You've been hearing it non-stop for the entire past election cycle (and, really, much before that), but now that the top-earning 1% in our country are coming under serious fire by the Occupy Movement, it's been trotted out more than ever: the claim that the rich create jobs, so for us to spur the economy, we must pretty much just let them do whatever they please.
Besides the fact that that is a ridiculously fatalistic view of economics, it's also an extremely twisted statement spiked with a logical fallacy. Yes, the rich do give us jobs. Without the companies that the rich own and operate, very few of us would have jobs indeed. Whether that is inherently fair or not is a different discussion completely, but it's just how our system works, so that much of the statement is true. However, the kind of talk that we're hearing now is a convolution of this fact. Rich people do not just create jobs because they are rich and run those companies who employ us. The fact that they are rich has nothing to do with the actual creation of jobs; they are simply the tools, not the catalyst. The catalyst that creates jobs is a basic principle of economics, one that has somehow been ignored as this argument has come to a boil.
It's called supply and demand.
Just because you have a boatload of money and a company that is doing well does not more jobs create. You've got the ability to hire more people, sure, but you're not going to do so unless the demand for your product or service is also growing. Herman Cain, the one who has reverted to this empty buzz-phrase the most, should understand this concept the best. He was the CEO of a major American pizza chain, Godfather's Pizza. Now, we don't have Godfather's Pizza in Pittsburgh, but we do have another local chain called Vocelli Pizza that I can reference as an analogous example.
There are, within the immediate city limits, three Vocelli locations, as well as numerous others out in the suburbs. The three city locations are in Lawrenceville, Oakland and Downtown, and have served the community for many years. If Mr. Vocelli wished to, with his power as a very rich man, he could "create jobs" by building a fourth location, say in Shadyside. But without the demand, what is the point of creating more supply? It would be a foolish move for him to open another location in the city, because the three locations that exist already supply plenty of pizza to fit the demand. Pumping all that money into another location when the consumer could simply drive five more minutes to the already existing Oakland location? That's a terrible business plan, one destined for failure. So he can't just create jobs out of thin air. If he did what the Republican candidates are claiming the rich business owners can do, there would be a Vocelli Pizza on every corner in Pittsburgh, and they'd all go out of business within months because they wouldn't each be selling enough pizza to stay afloat.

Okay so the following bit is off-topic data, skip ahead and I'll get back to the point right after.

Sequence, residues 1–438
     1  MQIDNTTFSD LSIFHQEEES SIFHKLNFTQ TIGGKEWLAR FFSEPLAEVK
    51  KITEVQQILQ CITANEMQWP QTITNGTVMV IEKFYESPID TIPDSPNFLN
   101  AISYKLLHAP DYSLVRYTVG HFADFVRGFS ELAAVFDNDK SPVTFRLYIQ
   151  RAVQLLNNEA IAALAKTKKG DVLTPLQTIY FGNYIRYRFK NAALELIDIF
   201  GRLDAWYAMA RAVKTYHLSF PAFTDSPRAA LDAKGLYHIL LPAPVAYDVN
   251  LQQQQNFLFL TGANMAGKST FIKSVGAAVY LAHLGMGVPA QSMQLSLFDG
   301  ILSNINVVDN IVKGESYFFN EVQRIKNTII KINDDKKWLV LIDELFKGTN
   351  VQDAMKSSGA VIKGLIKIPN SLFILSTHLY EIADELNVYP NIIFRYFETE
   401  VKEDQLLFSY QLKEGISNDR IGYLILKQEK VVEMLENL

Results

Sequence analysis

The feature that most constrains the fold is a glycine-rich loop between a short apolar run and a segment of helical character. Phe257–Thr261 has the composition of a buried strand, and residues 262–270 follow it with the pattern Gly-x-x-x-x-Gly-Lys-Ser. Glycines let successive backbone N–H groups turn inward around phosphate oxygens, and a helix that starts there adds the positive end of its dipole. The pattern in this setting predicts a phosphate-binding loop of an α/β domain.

The fact that there isn't a floundering Godfather's Pizza in every single two-horse town in America goes to show that, no matter what he says on television, Herman Cain does understand this. There just isn't enough demand to drive that kind of growth and job creation--and the ultimate irony is that the 99% are not paid enough to create that demand. Maybe not in terms of pizza, but in the purchasing of many other goods and services. The less we are paid and more we are taxed (while the inverse is true for the richest Americans), the less we are able to buy. The rich can only create jobs if the rest of us are clamoring for the things that those jobs produce. And right now, we can't afford to do so.
The only way for jobs to be "created" outside of this system is for the government to do so, as Franklin Delano Roosevelt did with the Civilian Conservation Corps and many of the other New Deal initiatives. In the public sector, demand can be eschewed, the supply being not economic but a sense of greater good. Development of infrastructure, of highways and railways and parks, investing in our future rather than the immediate profits of now. That is the kind of job creation we should be rallying behind as we continue to see unemployment rise. We cannot depend upon corporations to look out for our best interests, and why should they?
Businesses are about making money, not about taking care of people. It doesn't necessarily make them evil, but it is a fact that we need to understand before we put them on a pedestal and worship their almighty power to provide for us. That's some 19th century, pre-union, company town crazy talk, but it's found its way into our national zeitgeist once more. And this time we're cheering it on! Have we really forgotten how hard we've worked to get away from selling our soul to the company store, as we now cheerlead for these companies and lay ourselves out on the altar, praying they toss us some bread? It is we that provide for them, not the other way around.